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Arch Pediatr Adolesc Med. 2006 May;160(5):523-8.

Prevalence of diabetes and impaired fasting glucose levels among US adolescents: National Health and Nutrition Examination Survey, 1999-2002.

Author information

  • Nutritional Sciences Program, Department of Epidemiology, University of Washington, Seattle 98195, USA. duncag@u.washington.edu

Abstract

OBJECTIVE:

To determine the current prevalence of self-reported diabetes and impaired fasting glucose levels among US adolescents.

DESIGN AND SETTING:

Cross-sectional, National Health and Nutrition Examination Survey (1999-2002).

PARTICIPANTS:

A sample of 4370 adolescents (aged 12-19 years) with self-reported diabetes and a subsample of 1496 adolescents without self-reported diabetes who had fasted for at least 8 hours. Subjects who reported having diabetes and using insulin were further categorized as having type 1 diabetes, those reporting having diabetes and not using insulin as having type 2 diabetes, and those with a fasting plasma glucose level greater than or equal to 5.6 mmol/L (100 mg/dL) as having impaired fasting glucose levels.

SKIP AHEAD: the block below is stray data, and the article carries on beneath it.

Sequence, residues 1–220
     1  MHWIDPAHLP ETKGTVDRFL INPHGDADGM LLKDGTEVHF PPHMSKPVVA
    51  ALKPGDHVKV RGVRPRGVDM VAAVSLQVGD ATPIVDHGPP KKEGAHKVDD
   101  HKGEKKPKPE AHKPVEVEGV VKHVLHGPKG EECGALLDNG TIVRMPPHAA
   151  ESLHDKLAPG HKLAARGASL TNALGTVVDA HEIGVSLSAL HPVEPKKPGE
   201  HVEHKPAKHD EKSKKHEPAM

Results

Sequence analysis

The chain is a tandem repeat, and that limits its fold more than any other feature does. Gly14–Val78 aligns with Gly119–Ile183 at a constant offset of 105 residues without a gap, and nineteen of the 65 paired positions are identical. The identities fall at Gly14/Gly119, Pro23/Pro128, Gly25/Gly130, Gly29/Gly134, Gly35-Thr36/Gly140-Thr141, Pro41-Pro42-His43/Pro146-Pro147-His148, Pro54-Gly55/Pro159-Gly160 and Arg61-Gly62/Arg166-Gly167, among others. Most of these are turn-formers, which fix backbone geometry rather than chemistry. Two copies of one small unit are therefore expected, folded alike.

MAIN OUTCOME MEASURES:

Prevalence of self-reported diabetes, type 1 and type 2 diabetes, and impaired fasting glucose levels among US adolescents.

RESULTS:

In the full sample, 0.5% (95% confidence interval [CI], 0.24%-0.76%) of adolescents reported having diabetes. Of those reporting diabetes, roughly 71% (95% CI, 56%-86%) were categorized as having type 1 and 29% (95% CI, 14%-44%) as having type 2 diabetes. In the subsample, roughly 11% (95% CI, 8%-14%) had impaired fasting glucose levels. Using population-based sample weights, these proportions were equivalent to 39 005 US adolescents with type 2 diabetes and 2 769 736 with impaired fasting glucose levels.

CONCLUSIONS:

The prevalence of type 2 diabetes and impaired fasting glucose levels is substantial among US adolescents. These estimates have important implications for public health because of the high rate of conversion from impaired fasting glucose level to type 2 diabetes in adults and the increased risk of cardiovascular disease in individuals with type 2 diabetes.

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PMID:
16651496
[PubMed - indexed for MEDLINE]
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